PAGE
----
Laschet has been ridiculed as a “Putin understander” (Putin-Versteher), a pejorative term for appeasers of the Russian strongman. Ralf Fücks, a former Green Party politician who is now head of the Center for Liberal Modernity, a think tank, elaborated:
“You get the impression that Armin Laschet still believes in a partnership with Putin’s Russia. He ignores the fact that there simultaneously is both a geopolitical and a value conflict with Moscow. This conflict requires a certain degree of severity, a policy of deterrence and also a policy of sanctions. It is wishful thinking that all foreign policy conflicts can be resolved through dialogue and goodwill.”
Laschet has been a strong proponent of trade relations with China. More than 1,000 Chinese companies have established a physical presence in North Rhine-Westphalia, including 610 in Düsseldorf, the state capital. Trade between North Rhine-Westphalia and China exceeded 12 billion euros in 2019, the last year for which complete statistics are available.
In a September 2020 interview with Politico, Laschet was asked about the link between trade with China and human rights. He responded:
“Trade relations always require a political dialogue on human rights. That’s true for every country in the world. It’s true for Russia, China, Turkey and all the countries of the Arab world. But one can’t only pursue trade relations with countries that follow our societal model.”
Laschet is staunchly pro-Israel and has actively cultivated relations with the Jewish state, which does nearly one billion euros a year in trade with North Rhine-Westphalia. In September 2018, his first major overseas trip as state premier was to Israel. During a subsequent visit to Israel in 2020, he opened a representative office in Tel Aviv. At the time he said:
“Our state’s office in Tel Aviv is another milestone in the relations between North Rhine-Westphalia and Israel. In no other country does our state have an office with such a comprehensive mission.
“Our office in Israel will bring the cooperation between our two states to a new level. We want to further strengthen the exchange and the meetings between universities and municipal, cultural and educational institutions and civil service groups. That’s a sign of our appreciation to our friends in Israel.”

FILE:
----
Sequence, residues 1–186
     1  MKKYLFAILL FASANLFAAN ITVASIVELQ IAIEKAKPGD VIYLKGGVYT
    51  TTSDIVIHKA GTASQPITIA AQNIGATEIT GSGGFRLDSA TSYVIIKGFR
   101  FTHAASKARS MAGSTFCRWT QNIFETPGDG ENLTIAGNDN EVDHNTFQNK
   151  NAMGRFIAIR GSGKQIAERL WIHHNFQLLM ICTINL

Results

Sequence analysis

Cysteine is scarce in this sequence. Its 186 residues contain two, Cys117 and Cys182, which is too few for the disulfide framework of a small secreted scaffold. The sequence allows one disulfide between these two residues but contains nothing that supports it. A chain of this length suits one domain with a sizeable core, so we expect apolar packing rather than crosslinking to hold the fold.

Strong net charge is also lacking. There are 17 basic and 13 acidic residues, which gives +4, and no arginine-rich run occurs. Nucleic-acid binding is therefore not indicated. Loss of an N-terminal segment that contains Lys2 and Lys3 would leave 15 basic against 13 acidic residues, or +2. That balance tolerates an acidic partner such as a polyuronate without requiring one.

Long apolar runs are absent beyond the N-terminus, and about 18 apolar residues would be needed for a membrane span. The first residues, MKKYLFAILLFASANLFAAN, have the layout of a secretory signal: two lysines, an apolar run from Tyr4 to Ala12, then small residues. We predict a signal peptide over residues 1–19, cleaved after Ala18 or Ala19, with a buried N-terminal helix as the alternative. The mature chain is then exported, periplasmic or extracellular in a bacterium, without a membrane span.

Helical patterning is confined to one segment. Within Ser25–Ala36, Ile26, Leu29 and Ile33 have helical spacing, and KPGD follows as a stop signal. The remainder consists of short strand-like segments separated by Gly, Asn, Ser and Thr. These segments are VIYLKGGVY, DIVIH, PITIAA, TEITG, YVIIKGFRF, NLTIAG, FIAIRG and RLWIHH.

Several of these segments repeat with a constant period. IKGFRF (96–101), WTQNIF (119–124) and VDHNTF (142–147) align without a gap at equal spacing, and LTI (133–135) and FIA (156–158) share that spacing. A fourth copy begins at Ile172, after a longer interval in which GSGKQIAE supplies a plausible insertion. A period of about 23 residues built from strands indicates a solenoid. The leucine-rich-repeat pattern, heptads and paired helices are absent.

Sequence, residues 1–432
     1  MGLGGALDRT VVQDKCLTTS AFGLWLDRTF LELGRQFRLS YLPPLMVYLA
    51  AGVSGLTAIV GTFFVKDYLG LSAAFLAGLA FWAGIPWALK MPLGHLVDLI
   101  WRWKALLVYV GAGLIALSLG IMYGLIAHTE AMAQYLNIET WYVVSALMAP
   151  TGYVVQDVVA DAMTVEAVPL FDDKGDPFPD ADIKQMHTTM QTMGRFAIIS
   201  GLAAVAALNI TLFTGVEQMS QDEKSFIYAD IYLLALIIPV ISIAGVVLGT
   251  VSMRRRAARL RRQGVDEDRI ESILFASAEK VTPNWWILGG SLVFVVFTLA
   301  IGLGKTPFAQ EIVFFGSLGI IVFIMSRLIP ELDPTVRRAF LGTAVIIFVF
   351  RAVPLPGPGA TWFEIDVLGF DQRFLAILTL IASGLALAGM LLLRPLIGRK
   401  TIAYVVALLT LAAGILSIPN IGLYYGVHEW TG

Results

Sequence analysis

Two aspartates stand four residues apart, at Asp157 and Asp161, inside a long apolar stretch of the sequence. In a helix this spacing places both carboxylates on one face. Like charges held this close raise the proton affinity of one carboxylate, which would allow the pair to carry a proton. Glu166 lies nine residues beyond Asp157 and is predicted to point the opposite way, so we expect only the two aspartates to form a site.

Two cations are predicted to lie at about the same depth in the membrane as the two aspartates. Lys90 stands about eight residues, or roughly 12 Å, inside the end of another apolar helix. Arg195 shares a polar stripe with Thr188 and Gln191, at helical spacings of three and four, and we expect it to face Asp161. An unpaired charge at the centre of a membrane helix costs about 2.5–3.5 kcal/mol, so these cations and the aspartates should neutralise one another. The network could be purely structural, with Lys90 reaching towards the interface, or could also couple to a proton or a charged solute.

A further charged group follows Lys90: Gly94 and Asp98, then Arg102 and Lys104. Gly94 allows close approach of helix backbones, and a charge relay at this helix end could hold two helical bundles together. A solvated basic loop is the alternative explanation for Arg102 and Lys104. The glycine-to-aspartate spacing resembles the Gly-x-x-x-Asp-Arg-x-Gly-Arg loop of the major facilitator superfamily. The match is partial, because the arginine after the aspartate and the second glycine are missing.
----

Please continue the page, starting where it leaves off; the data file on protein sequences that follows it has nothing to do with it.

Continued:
In January 2019, Laschet, during a trip to Poland, visited the former German concentration camp at Auschwitz-Birkenau. He was accompanied by 24 Christian, Jewish, and Muslim teenagers and young adults. He said:
“It is an obligation for all of us to keeping the memory of the Shoah alive. For us in North Rhine-Westphalia, home of the largest Jewish community in Germany, the preservation of the memory of the horror of the Nazi era is a personal concern. The unspeakable crimes of the past must be a reminder and a warning to future generations. The lessons from the Shoah must always be at the core of political and historical education in our schools. All students have to deal with it, no matter where they come from or to what religion they belong.”
At the same time, however, Laschet expressed dismay at the Trump administration’s withdrawal from the controversial nuclear deal with Iran, which, according to many analysts, would have accelerated and legitimized Tehran’s acquisition of a nuclear bomb. Laschet was also reluctant to ban Hezbollah, the Iranian terrorist proxy in Lebanon, before the German parliament, facing massive pressure from the Trump administration, agreed to a partial ban of the group in December 2019.
Veteran European affairs commentator Wolfgang Münchau wrote about the potential difficulties in reaching a coalition deal between Laschet and the Greens:
“Laschet is the closest you get in German politics — outside the AfD — to being a climate change denier. His successful campaign theme was protection of German industry against ambitious climate-change action. Should the Greens and the CDU/CSU ever end up trying to a form a coalition, I would expect very difficult negotiations to follow. The two parties are at the opposite ends of the most important political debate in Germany this decade — on the trajectory towards internationally agreed emissions targets….
“One of the foreseeable conflicts in the relationship between Germany and the EU will be on fiscal policy. The consensus view among international economists might have changed in favor of higher deficits during economic crises. But the debt brake, Germany’s balanced-budget debt rule that is firmly anchored in the constitution, is still in force….
“The CDU’s innate fiscal conservatism and Laschet’s support for coal mining and coal-generated power are formidable obstacles to a CDU/CSU/Green coalition, which may be the only viable governing option after the September elections. I cannot see the Greens signing up to Laschet’s agenda.”
Author and commentator John Kampfner echoed those concerns: